Fire risk assessments: how often must they be done?
There are no specific time periods in law for how often fire risk assessments must be carried out or reviewed....
5th July 2021
The government has today published the Building Safety Bill. The highly anticipated bill outlines significant changes to building safety regulation, and sets out a clear pathway for the future on how residential buildings should be constructed and maintained.
The Building Safety Regulator will oversee the new regime and will be responsible for ensuring that any building safety risks, in new and existing high rise residential buildings of 18m and above, are effectively managed and resolved. This will include implementing specific gateway points at design, construction and completion phases to ensure that safety is considered at each and every stage of a building’s construction, and safety risks are considered at the earliest stage of the planning process.
Key measures in the Building Safety Bill, it will:
- Ensure there are clearly identified people responsible for safety during the design, build and occupation of a high-rise residential building.
- Establish a Building Safety Regulator to hold to account those who break the rules and are not properly managing building safety risks, including taking enforcement action where needed.
- Give residents in these buildings more routes to raise concerns about safety, and mechanisms to ensure their concerns will be heard and taken seriously.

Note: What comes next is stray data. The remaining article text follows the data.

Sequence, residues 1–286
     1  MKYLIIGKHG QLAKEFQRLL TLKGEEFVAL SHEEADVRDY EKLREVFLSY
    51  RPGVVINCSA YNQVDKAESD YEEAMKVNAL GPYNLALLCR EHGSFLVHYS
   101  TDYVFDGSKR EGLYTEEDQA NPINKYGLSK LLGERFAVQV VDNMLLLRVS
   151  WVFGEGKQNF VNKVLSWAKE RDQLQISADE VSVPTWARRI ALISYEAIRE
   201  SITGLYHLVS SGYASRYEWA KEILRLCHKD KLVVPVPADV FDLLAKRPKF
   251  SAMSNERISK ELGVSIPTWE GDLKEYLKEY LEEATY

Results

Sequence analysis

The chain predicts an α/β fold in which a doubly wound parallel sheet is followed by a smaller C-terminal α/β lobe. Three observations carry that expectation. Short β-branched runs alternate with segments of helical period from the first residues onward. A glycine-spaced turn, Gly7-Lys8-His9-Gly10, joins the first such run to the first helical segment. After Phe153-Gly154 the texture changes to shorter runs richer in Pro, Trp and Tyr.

- Provide a legal requirement for building owners to explore alternative ways to meet remediation costs before passing these onto leaseholders, along with evidence that this has been done.
- Extend rights to compensation for substandard workmanship and unacceptable defects, by doubling the amount of time, from 6 to 15 years, that residents can seek compensation for substandard construction work. This will apply retrospectively, so home owners in a building completed in 2010 would be able to bring proceedings against the developer until 2025.
- Drive the culture change needed across the industry to enable the design and construction of high-quality, safe homes in the years to come.
The Bill will include powers to strengthen the regulatory framework for construction products, underpinned by a market surveillance and enforcement regime led nationally by the Office for Product Safety and Standards (OPSS).
The Building Safety Regulator will be able to remove products from the market that present safety risks and prosecute or use civil penalties against any business that breaks the rules and compromises public safety.
Developers will also be required to join and remain members of the New Homes Ombudsman scheme, which will require them to provide redress to a homebuyer, including through the awarding of compensation. Developers who breach the requirement to belong to the New Homes Ombudsman may receive additional sanctions.